Almond's Joy

Author Steve Almond is a true candyfreak

Bulletin for Tom Ridge: The Valomilk candy bar explodes at high altitudes. Just ask Steve Almond, author of Candyfreak, who -- even after being apprised of the marshmallow-filled chocolate cup's potential for stratospheric volatility -- flew from Kansas City to Denver with a batch in his baggage. As he prepared to devour the candy, Almond writes, he discovered that "each and every one of the cups had sprung a leak and the filling had congealed into a Krazy Glue-like substance capable of a great binding force, rendering it difficult, if not impossible, to remove a Valomilk from its paper cup. Not that this kept me from trying."

Part personal journey of self-examination, part incisive account of this nation's vanishing independent candymakers and all panegyric to the wondrousness of chocolate, Candyfreak adroitly pokes at and probes into Almond's -- and many Americans' -- obsession with candy bars.

"The candy bar is a uniquely American concept," explains Almond, 37, over the phone from Boston, where he teaches creative writing at Boston College. "And Americans' relationship to candy is typically American -- that is, there's a lot of mindless consumption, a lot of self-medicating. But like anything else, candy is deep. It is a complex psychological and emotional experience and cultural artifact, and it has really meant a lot in my life. As a candyfreak, the way that I live with the fact that I eat a lot of candy -- which is pretty shitty for the world economy, because basically it's a luxury -- is that at least I try to be appreciative of it."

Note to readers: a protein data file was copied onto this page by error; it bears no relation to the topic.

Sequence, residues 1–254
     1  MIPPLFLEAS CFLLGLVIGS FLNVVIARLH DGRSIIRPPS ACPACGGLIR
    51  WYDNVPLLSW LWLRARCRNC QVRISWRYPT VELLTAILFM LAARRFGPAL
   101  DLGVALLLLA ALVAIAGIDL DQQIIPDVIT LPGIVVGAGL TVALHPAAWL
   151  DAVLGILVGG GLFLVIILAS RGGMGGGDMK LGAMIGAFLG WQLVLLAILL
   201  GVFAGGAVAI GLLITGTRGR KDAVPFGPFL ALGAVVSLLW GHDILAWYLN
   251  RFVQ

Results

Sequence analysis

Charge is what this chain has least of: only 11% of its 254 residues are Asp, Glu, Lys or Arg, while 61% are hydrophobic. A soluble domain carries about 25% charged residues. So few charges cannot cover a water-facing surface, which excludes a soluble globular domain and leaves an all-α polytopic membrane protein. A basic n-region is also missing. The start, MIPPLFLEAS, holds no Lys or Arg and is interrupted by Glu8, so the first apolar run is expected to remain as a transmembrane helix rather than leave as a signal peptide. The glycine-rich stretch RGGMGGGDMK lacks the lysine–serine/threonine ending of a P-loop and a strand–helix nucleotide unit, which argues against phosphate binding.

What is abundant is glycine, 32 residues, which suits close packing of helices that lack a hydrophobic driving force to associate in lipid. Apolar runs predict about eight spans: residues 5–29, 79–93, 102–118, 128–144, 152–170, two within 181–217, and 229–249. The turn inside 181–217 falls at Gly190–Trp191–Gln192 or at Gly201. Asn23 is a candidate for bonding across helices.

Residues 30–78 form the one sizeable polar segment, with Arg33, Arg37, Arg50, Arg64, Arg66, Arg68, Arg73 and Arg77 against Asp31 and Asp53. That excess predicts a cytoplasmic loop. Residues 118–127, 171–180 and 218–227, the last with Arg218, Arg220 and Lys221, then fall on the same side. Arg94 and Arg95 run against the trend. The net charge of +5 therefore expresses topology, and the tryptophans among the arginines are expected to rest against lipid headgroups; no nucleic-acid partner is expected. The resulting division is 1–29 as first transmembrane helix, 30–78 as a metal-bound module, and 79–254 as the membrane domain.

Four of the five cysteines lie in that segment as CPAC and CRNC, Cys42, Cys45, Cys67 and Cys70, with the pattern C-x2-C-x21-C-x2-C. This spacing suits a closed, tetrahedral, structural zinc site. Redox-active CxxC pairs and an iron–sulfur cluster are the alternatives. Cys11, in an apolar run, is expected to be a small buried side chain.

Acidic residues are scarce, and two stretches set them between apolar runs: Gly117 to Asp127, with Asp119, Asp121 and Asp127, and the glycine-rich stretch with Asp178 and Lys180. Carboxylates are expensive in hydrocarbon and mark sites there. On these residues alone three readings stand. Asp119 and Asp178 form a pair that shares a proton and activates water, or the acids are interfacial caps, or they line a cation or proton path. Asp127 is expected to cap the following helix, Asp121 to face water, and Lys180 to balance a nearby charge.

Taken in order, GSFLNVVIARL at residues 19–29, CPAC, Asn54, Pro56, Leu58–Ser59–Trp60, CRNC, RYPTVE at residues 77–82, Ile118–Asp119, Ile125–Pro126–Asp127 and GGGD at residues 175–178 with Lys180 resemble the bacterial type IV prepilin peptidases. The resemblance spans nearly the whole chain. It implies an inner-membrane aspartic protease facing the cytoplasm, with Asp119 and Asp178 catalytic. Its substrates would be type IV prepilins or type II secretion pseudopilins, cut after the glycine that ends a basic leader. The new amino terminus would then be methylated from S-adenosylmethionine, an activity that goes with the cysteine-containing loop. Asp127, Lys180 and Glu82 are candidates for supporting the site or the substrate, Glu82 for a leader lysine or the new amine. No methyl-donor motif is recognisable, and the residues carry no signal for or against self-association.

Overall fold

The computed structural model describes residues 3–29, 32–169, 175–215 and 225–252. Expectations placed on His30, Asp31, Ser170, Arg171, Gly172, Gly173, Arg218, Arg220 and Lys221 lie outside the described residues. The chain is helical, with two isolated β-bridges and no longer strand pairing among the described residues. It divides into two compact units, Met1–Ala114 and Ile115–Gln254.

In Candyfreak that appreciation takes the form of a ping-ponging, cross-country pilgrimage, with Almond making choco-smeared pit stops at the plants of various regional indie manufacturers -- the makers of Goo Goo Clusters (Nashville), Idaho Spuds (Boise), Twin Bings (Sioux City), Goldenberg's Peanut Chews (Philadelphia), Big Hunks (Hayward) and Five Star Bars (Burlington) -- while pondering candy's social history and cultural significance.

Along the way Almond observes what he terms "late-model capitalism" in action, with the "reality of the bottom line being reinforced over and over again" by the little guys' constant struggle to survive in the ever-lengthening shadow of the industry's voracious Big Three: Mars, Hershey's and Nestlé. This "Wal-Martization of America," as Almond calls it, accounts for why "people are so attracted to a weird candy bar that they've never seen before." (The Abba-Zaba! The Old Faithful!)

Almond also witnesses the production of "small-batch bars using 1950s technology" and stares transfixedly -- ecstatically -- as men, women and machines converged harmonically to create chocolate manna. His deepest and most satisfying resultant "freaktrance" is induced by the "enrobing" process, whereby a shower of chocolate coats the marshmallow or peanut butter or nougat or fruity or whatever core of a candy bar. "This is the Willy Wonka waterfall," he rhapsodizes, "chocolate in its liquid form, its dynamic state. Chocolate is something that is solid, and then it becomes liquid in our mouths. When we see enrobing, we could just drink it. Watching candy being made is pornography to me."